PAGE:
About Azusa Pacific University
Azusa Pacific University is a comprehensive, evangelical, Christian university located 26 miles northeast of Los Angeles. A leader in the Council for Christian Colleges and Universities, APU is committed to God First and excellence in higher education
Offering over 80 bachelor’s, master’s and doctoral programs on campus, online, and at seven regional centers across Southern California, APU has been recognized as one of U.S.News & World Report's Best Colleges for six years running. APU graduates are known for professional excellence, the highest ethical standards, and their desire to make a difference in the world.
What is known today as Azusa Pacific University is the product of the merger of three Southern California-area Christian institutions: Azusa College, Los Angeles Pacific College, and Arlington College.
The origins of Azusa Pacific University reside in 1899, when a group of spiritual leaders from various denominations met in Whittier, California, and established a Bible college geared to training students for service and missionary endeavors. This was the first Bible college founded on the West Coast. The initial class of students met on March 3, 1900, with Mary A. Hill serving as the earliest president.
The institution, named the Training School for Christian Workers, moved three times before settling in Huntington Park in 1907. In 1939, the Training School became Pacific Bible College, and four-year degrees were offered. Cornelius P. Haggard, Th.D., was appointed president and served for 36 years, until his death in 1975.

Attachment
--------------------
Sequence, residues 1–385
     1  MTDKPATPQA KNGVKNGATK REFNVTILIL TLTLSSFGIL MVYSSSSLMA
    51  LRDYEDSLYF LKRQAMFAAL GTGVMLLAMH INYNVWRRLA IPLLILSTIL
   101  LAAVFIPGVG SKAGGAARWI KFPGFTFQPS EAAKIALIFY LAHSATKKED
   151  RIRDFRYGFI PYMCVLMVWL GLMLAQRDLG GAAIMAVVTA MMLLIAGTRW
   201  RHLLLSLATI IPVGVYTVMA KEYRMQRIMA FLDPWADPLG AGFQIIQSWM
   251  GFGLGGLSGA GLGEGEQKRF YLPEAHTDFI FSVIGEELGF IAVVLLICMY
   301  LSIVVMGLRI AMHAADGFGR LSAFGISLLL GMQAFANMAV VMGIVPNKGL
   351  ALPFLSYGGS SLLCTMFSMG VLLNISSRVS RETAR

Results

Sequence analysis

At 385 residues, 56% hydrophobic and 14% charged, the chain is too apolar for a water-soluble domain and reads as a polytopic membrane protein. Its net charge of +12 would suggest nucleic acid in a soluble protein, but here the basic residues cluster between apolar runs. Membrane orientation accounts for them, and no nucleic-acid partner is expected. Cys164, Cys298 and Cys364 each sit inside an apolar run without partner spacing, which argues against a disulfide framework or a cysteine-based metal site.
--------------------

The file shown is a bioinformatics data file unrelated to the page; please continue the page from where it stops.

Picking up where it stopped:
By the mid 1940s, Pacific Bible College had outgrown its Huntington Park campus. The Board of Trustees decided then to purchase a 12-acre school for girls in Azusa. Classes began on the new campus in 1947, and in 1957, the name was changed to Azusa College.
Azusa College merged first in 1965 with Los Angeles Pacific College, a four-year liberal arts institution founded in 1903, acquiring the name Azusa Pacific College, and again three years later, with Arlington College, which had been founded in 1954.
After Haggard’s death, Paul E. Sago, Ph.D., became the president, serving until 1989. Upon its achievement of university status in 1981, the college changed its name to Azusa Pacific University. Among his many accomplishments, Sago encouraged the development and growth of off-site educational regional centers throughout Southern California, and presided over the addition of master’s degree programs and the development of schools within the university.
Richard E. Felix, Ph.D., became president in 1990. Felix painted a vision of a flagship Christian university, offering men and women an opportunity to gain not only their undergraduate and master’s, but also their doctoral degrees. Felix was instrumental in initiating the university’s first three doctoral programs in 1994 and 1997. This growth necessitated a renewed emphasis on the school’s historic Christian mission and priorities for community building and service. Felix reframed these values as the cornerstones of the university—Christ, Scholarship, Community, and Service—and oversaw the construction of seven new buildings, a doubling of student enrollment, and the quadrupling of graduate programs. He announced his retirement in April 2000, after the celebration of the university’s centennial.